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Great Leap Forward

From Academic Kids

The Great Leap Forward also refers to a hypothesized stage in human evolution.

The Great Leap Forward (Template:Zh-stp) was a campaign by the Chinese Communist Party (CCP) of the People's Republic of China from 1958 to early 1960 aimed at using mainland China's plentiful supply of cheap labor to rapidly industrialize the country.

Contents

Historical background

During the 1950s, the Chinese had carried out a program of land distribution coupled with industrialization under state ownership with grudging technical assistance from the Soviet Union. By the mid-1950s the situation in mainland China had somewhat stabilised, and the immediate threat from the wars in Korea (U.S.) and Vietnam (France) had receded. People perceived as capitalists by the new leadership had been expropriated in 1952-1953, members of the left-wing opposition imprisoned at the same time, and the remaining Kuomintang on the mainland had been eliminated. For the first time in generations, China seemed to have a strong and stable national government.

However, Mao Zedong had become alarmed by Soviet leader Nikita Khrushchev's term since the Twentieth Congress. He perceived that far from "catching up and overtaking" the West, the Soviet economy was being allowed to fall behind. Uprisings had taken place in East Germany, Poland and Hungary, and the USSR was seeking "Peaceful Co-existence" with what the Chinese regarded as imperialist Western powers. These policies meant for Mao that the PRC had to be prepared to "go it alone."

The Great Leap Forward

The Great Leap Forward borrowed elements from the history of the USSR in a uniquely Chinese combination. Collectivization from the USSR's "Third Period;" Stakhanovism from the early 1930s; the "people's guards" Khrushchev had created in 1959; and the uniquely Chinese policy of establishing communes as relatively self-sufficient economic units, incorporating light industry and construction projects.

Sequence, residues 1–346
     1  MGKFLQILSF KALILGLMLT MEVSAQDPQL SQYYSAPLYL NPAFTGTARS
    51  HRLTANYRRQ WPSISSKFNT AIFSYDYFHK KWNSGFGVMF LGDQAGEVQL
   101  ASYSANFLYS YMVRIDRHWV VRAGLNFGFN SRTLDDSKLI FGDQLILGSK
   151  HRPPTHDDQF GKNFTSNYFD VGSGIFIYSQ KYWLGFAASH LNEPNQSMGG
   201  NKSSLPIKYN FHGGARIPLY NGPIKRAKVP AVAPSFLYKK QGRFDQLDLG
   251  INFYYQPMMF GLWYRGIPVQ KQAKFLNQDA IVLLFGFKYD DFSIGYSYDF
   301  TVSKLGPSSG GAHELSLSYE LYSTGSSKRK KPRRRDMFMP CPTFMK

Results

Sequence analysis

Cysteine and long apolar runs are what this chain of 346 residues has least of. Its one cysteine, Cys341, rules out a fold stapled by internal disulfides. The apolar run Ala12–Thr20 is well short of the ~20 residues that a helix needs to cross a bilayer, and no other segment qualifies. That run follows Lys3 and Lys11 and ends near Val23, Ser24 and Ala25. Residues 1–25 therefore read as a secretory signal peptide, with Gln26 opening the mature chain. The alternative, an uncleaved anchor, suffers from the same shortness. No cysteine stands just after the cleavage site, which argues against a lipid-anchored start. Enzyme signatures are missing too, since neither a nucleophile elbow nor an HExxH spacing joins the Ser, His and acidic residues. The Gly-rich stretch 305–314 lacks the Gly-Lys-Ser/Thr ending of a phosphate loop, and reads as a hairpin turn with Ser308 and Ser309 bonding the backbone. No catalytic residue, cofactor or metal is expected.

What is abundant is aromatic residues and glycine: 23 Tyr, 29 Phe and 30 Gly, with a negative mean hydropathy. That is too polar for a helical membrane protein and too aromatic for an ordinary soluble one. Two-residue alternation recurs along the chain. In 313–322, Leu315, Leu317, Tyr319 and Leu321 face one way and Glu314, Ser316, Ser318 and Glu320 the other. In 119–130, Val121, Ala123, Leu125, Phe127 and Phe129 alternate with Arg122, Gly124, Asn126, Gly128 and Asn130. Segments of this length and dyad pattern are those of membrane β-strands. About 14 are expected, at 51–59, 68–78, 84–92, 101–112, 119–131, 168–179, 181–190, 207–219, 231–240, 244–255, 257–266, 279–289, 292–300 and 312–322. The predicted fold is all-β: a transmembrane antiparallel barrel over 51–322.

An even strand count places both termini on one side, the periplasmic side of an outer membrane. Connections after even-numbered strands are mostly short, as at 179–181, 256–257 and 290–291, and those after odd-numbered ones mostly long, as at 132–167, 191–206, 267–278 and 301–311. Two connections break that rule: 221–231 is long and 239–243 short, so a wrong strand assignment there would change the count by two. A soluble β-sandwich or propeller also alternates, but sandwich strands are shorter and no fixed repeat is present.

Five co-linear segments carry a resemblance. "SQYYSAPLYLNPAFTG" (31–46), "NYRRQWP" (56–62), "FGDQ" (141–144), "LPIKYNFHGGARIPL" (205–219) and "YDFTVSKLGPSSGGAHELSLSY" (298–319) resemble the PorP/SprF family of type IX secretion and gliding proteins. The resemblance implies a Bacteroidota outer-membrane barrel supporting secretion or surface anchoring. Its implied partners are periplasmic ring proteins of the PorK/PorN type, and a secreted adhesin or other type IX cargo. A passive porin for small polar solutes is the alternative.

It was thought that through collectivization and mass labor, China's steel production would surpass that of the United States only 15 years after the start of the "leap."

An experimental commune was established in Henan early in 1958, and soon spread throughout the country. Tens of millions were mobilised to produce one commodity, symbolic of industrialisation—steel. Approximately 25,000 communes were set-up, each with around 5,000 households.

The hope was to industrialise by making use of the massive supply of cheap labor and avoid having to import heavy machinery. Small backyard steel furnaces were built in every commune while peasants produced "turds" of cast iron made out of scrap. Sometimes even factories, schools, and hospitals abandoned their work to smelt iron. Simultaneously, the peasants were collectivised.

The Outcome

The Great Leap Forward is now widely seen both within China and outside as a major economic disaster. As inflated statistics reached planning authorities, orders were given to divert human resources into industry rather than agriculture. Various Western and Eastern sources (http://users.erols.com/mwhite28/warstat1.htm) put the death toll at about 30 million people, with majority of the deaths owed to starvation. The three years between 1959-1961 were known as the "Three Bitter Years" as the Chinese people suffered from extreme shortages of food. It is believed by some to have been the greatest famine in history. The death toll incurred by China as a result of this program distinguishes Mao as the dictator who caused the greatest number of deaths of his own people, surpassing Joseph Stalin (Pol Pot of Cambodia killed a larger percentage of his country's population, but he fell far short of Mao in absolute numbers of victims).